Until its sale in April of 2002, Mark Rothman owned and operated The MYTA Corporation, one of the largest IT staffing firms in the Washington, DC area. After graduating with an engineering degree from The Ohio State University in 1984, Mark moved to Washington, DC to pursue the area’s many technology opportunities. Over the next eight years, Mark worked as a software engineer for IBM and as a software contractor for MCI. While at IBM, he helped design and implement system upgrades for the FAA’s air traffic control system. At MCI, Mark worked on several projects pertaining to the company’s growing network management system.
While a contractor at MCI, Mark saw the need for qualified IT specialists in the DC region and decided to start his own consulting company. In 1992, using the second bedroom of his condo as an office, Mark landed his first contract, a three month assignment at Fannie Mae. Over the next 10 years, MYTA assisted some of the region’s largest companies including Fannie Mae, Freddie Mac, Verizon, The World Bank, Lockheed Martin, Cable & Wireless, AT&T, and The Discovery Channel. At sale, MYTA’s annualized revenues were nearly $30 million with a growth rate averaging more than 100 percent per year. Ranked as one of the region’s top 10 IT staffing firms by the Washington Business Journal and included in the 1998 Inc. 500, MYTA hit the 100 contractor mark in 1998 and the 200 contractor mark in 2000. In 1998, Mark was named a Maryland Small Business All Star, and in 2000, was named Ernst and Young’s Entrepreneur of the Year in the Washington, DC metro area.
After selling the original MYTA, Mark remained an active member of the area business community. He serves on the board of several private companies and works with numerous non-profits including Junior Achievement, The Leukemia Lymphoma Society, and Friends of the National Zoo (FONZ). In 2015, Mark opened a second IT staffing firm, MYTA Technologies, modeled after the original MYTA. Similar to the first MYTA, MYTA Technologies works with some of the largest DC area businesses including FINRA, Dominion Energy, Washington Gas, and Leidos. MYTA recently celebrated its growth by earning the 243rd spot on the 2019 Inc. 500.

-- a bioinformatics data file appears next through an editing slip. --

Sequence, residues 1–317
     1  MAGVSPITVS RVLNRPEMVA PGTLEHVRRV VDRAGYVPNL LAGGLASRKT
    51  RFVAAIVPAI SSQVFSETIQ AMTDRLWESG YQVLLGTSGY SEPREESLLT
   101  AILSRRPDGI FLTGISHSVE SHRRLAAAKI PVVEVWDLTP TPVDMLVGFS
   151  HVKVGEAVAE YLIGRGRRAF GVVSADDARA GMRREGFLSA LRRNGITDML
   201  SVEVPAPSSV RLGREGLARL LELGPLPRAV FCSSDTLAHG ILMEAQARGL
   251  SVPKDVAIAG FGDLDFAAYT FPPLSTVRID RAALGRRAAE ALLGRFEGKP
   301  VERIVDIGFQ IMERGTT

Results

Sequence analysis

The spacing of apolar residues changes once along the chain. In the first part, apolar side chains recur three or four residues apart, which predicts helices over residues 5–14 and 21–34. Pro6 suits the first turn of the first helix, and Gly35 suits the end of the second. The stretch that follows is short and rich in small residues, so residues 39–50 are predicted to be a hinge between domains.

Mark lives in Bethesda, MD where he is a proud, single dad of twin human daughters, Melissa and Nicole, and his canine daughter, Brandy.
Tell me about the early days of MYTA.
MYTA has had two unique instances of “early days.” The first was in 1992 when I used my skills as a software developer to springboard the start of The MYTA Corporation. I had no capital, office space, and experience, but developed a business plan that needed none of these things (although a bit of experience wouldn’t have hurt). To start the company, I found myself a contract position at a large corporation and used that position to grow my company from inside the client. What I was missing in experience and funding, I made up for with enthusiasm and youthful energy!
The second instance of “early days” was five years ago when I started MYTA Technologies – a firm similar to The MTYA Corporation. This time, however, the company was well-funded and had office space and staff on Day 1. After ten years of running the first MYTA, and then a 12-year vacation after its acquisition, the tradeoff between youthful energy and experience had come full circle! Somehow, though, I think I expected the second start to be easier than the first. Instead, it was over nine months before we made our first sale and almost three years before we turned a profit.
After twelve years of resting on my laurels and hearing people praise me for my previous success, I started to believe my own press clippings and forgot about the hard work and execution needed to make a company successful. While we have now turned the corner and reached #243 on the Inc. 500, starting this second company has been quite a lesson in humility. The pain and suffering we all endured during the first iteration of MYTA had faded in my memory, but is now front and center. I have learned that there is no substitute for hard work each day, and that your competitors and clients don’t care that you were successful 20 years ago. If you are going to start something new, you need to be prepared to dig in and do what it takes to succeed. While I don’t think I was ready for that on Cycle 2, Day 1 – I have now made the adjustment. Hopefully, it will continue to pay dividends for our company, staff, and clients.